On getting a job as a professor at Elon College: “First of August, the phone rang in Chapel Hill. I had one phone call that summer. President Smith was calling me. Asked me to come back and talk to him. He offered me a job to teach chemistry at Elon College. Now if you ever thought about what it would be like to die and go to heaven, think about it. I had my ticket, I had my passport, I was invited to come back and teach chemistry at Elon.”

On being offered the job as president of Elon College: “We rarely had a phone call, but the phone rang. I went in to answer the phone. It was George Colclough. I thought somebody had died. We talked a little bit, then he said to me: ‘We elected a new president at Elon today.’ I knew that Smith was looking to retire. Truth is, he didn’t want to, but the board was going to see to it. Boards will do that sometimes. And I said, ‘Okay, who’s that?’ And he said, ‘You.’ Nobody had talked to me about being president, nobody had asked me if I wanted to, I didn’t apply for it. They just called me up and told me I was it. And I said, ‘George, you’re crazy.’ And I meant it.”

On being president of Elon College: “Just before I came here as a student, I heard a guy in Burlington say, ‘If you can’t go to college, go to Elon.’ That made me furious. When I took over the job as president, I said, I will shut that guy’s mouth. I will not hear that again.”

“I knew that I had to raise some money, but I had no idea how to do that. September came, school started and everything was going well, but I felt guilty. Every day I had raised no money, I hadn’t asked anybody for money.”

On Elon’s first donation: “I would go back to visit him in his home. He was a dear man, and he put Elon in his estate plans. We got our first money from Walter Franklin in the year of 1990, 100 years after he left school. Sometimes, you have to be patient.”

On his wife of 62 years: “Out of the corner of my eye, I saw a lady standing in her chair. I didn’t know her. I walked into the room and asked her, ‘Is something wrong?’ and that’s when she said, ‘I saw a mouse!’”

“I took her to a football game. Then I took her everywhere else from then on.”

On breaking up a party at Carlton House: “The rule was very, very strict, no alcoholic beverages on campus. I came to Carlton House and, man, the party was going on. I said, ‘Okay, every one of you who is drinking, go home now. You are suspended from college. Don’t you come by my office, I will sign you out, you are under suspension.’ A student came up to me as I was going into the next building and said, ‘Dean Danieley, I wasn’t drinking.’ And I said, ‘Gary, didn’t you hear what I said? I said everyone who has been drinking, go home. If you haven’t been drinking, that doesn’t apply to you.’ Several years later, I’m sitting in the president’s office and I get a letter. I open it up and it says: ‘Dear DEAN Danieley. I lied to you. Please forgive me.”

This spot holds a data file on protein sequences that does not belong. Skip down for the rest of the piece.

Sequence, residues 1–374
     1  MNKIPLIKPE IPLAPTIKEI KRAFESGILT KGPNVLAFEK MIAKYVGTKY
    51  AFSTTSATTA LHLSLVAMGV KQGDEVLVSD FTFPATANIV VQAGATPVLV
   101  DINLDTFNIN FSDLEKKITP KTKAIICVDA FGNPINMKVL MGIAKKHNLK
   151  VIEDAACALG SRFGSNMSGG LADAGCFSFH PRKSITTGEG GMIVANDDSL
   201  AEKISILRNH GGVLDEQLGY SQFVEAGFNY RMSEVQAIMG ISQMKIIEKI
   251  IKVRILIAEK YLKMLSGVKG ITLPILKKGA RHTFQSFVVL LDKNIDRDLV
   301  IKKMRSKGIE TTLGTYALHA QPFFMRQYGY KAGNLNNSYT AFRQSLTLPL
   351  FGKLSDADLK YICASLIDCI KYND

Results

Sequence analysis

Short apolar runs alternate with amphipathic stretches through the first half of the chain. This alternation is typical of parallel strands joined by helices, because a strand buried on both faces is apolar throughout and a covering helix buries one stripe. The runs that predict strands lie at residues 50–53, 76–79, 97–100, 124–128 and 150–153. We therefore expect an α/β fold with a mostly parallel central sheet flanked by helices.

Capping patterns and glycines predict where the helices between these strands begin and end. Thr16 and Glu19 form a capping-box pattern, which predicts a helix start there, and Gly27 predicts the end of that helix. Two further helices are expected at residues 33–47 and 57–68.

On his hopes for Elon’s future: “I have met several old folks, who sit around and gripe. Unhappy and fussing about the way things are going. I thank God I’m not one of those people. I enjoy seeing this institution grow and develop. I’ve developed a thesis that I give to everybody. There is no more remarkable story in all the history of American higher education than the growth and development in this institution. Nothing could please me more than to pick up my paper in the morning and see you scored another one, Mr. President. I want to see us as one of the premiere institutions in this nation. And I’ll just sit and be happy. I love to see all those people at Chapel Hill and Duke look at me and say, ‘I hope my children can come to Elon.’”

On being asked if he realized how much people love him here: “Do they have any idea what I think of them? It’s a wonderful place to be, a delightful community. It’s been a glorious ride.”

 

Wrapping up

After a standing ovation for Dr. Danieley, Dr. Lambert ended convocation with asking the audience to join in and sing “Happy Birthday” to Dr. Danieley, who turns 90 in July.  Dr. Danieley displayed his usual enthusiasm and love for Elon by taking out his handkerchief, in lieu of his usual Elon towel, and waving it above his head.